Decarbonising for Development: The Future of Global Economies

The world watched closely as delegates of participatory parties from around the world discussed and negotiated matters regarding the future of development during the 27th Conference of Parties (COP27) in Sharm El Sheikh, Egypt. The discourse mainly revolved around one of humanity’s greatest challenges: climate change, and more importantly, how each party could contribute to limiting it through its Nationally Determined Contributions (NDCs). These are pledges that each party commit to through developing and achieving targets that reduce its overall carbon footprint and contribute to the fight against climate change. These goals are associated with reducing the ‘carbon intensity’, or quantity of carbon released, a process that is generally known as “decarbonisation”. Not only does decarbonisation encompass efforts that reduce emissions, but it also entails the absorption of excess carbon dioxide from the atmosphere and storing it in sinks where it no longer negatively influences climate change.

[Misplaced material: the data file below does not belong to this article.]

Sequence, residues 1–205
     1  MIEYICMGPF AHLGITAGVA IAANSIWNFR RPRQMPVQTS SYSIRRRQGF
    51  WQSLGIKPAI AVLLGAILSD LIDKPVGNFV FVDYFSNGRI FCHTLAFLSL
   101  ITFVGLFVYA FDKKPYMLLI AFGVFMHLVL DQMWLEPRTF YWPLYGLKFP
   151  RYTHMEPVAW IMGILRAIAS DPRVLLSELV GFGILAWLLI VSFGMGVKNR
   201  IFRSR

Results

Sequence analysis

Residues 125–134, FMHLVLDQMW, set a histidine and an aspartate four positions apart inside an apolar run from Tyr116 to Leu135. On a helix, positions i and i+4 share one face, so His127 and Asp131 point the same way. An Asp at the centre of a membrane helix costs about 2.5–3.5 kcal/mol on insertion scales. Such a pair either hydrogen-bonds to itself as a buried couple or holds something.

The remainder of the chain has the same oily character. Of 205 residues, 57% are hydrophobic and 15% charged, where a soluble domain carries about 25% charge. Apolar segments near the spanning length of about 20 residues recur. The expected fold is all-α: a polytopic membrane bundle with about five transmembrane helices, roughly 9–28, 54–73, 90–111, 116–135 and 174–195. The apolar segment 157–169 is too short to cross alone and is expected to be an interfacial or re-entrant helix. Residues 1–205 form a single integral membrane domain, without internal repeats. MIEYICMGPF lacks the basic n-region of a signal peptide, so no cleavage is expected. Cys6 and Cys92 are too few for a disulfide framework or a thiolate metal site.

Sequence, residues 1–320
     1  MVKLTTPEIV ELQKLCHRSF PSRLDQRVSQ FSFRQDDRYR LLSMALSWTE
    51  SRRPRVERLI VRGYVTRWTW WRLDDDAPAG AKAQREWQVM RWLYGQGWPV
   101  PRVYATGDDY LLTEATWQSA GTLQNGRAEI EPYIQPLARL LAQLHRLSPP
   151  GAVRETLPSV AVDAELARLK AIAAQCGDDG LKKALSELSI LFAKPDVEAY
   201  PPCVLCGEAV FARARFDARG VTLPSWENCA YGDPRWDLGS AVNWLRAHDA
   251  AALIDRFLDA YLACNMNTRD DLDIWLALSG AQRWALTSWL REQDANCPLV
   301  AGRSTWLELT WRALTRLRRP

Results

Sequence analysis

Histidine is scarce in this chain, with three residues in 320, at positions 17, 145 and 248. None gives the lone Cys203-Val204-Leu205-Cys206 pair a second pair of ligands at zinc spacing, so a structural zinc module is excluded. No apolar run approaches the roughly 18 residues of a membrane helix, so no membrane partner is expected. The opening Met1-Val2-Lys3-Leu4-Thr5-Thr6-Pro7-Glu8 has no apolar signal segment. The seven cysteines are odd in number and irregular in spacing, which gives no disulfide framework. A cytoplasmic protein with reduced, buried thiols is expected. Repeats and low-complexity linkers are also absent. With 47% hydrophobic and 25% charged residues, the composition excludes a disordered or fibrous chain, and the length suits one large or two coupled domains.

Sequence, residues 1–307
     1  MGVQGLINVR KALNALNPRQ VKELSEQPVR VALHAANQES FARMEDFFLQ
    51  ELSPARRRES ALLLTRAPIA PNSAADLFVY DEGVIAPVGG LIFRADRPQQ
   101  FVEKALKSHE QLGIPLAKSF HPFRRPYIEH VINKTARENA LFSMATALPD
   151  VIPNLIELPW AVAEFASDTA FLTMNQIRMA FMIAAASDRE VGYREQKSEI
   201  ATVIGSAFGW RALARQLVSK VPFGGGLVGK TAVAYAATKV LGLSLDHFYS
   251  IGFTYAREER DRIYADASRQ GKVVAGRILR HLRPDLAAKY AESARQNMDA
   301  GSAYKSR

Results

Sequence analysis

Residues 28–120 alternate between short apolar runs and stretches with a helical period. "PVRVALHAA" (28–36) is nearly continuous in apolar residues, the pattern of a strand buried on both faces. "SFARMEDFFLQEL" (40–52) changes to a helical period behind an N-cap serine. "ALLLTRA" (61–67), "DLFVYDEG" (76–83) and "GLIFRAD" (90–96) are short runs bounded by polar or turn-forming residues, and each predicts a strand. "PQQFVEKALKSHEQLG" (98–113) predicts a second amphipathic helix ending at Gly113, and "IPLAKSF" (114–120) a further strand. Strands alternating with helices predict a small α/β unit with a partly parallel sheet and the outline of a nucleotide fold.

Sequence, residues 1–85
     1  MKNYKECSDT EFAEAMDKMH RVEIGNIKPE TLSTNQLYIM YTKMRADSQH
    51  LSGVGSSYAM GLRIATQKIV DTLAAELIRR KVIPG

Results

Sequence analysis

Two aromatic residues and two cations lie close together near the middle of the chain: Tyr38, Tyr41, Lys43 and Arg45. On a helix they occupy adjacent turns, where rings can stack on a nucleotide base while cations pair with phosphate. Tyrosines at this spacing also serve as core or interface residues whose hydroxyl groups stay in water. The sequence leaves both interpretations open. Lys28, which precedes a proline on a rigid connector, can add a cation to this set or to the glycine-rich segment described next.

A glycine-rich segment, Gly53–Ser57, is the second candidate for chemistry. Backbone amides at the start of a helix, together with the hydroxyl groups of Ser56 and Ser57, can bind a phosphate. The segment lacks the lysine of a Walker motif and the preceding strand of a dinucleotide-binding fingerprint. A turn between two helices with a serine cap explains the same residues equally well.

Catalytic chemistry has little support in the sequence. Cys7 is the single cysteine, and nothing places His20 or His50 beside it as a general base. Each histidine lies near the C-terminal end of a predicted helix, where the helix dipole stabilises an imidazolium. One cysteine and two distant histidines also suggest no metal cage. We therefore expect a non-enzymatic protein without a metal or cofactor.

While decarbonisation predominantly refers to the reduction of fossil fuels burned during power generation, it can be applied to almost all sectors of the economy. In fact, to meet the necessary objectives to damper climate change impacts, there is no question of whether sectoral decarbonisation is a requirement, but rather how their emissions can be mitigated without affecting the sector’s productivity. This is due to the reality that although most emissions are released from energy requirements, with over 40% of total global emissions released from energy demands for industrial, commercial, and residential purposes, other sectors especially transport, agriculture, and land use are significant contributors to carbon emissions and must be addressed and decarbonised as well. Thus, both the public and private sectors, now guided by the NDCs, have invested in research, development, and technologies that would maximise their decarbonisation journeys without severely affecting operations. These practices were applied across the board in varied sectors, albeit some more urgently than others.


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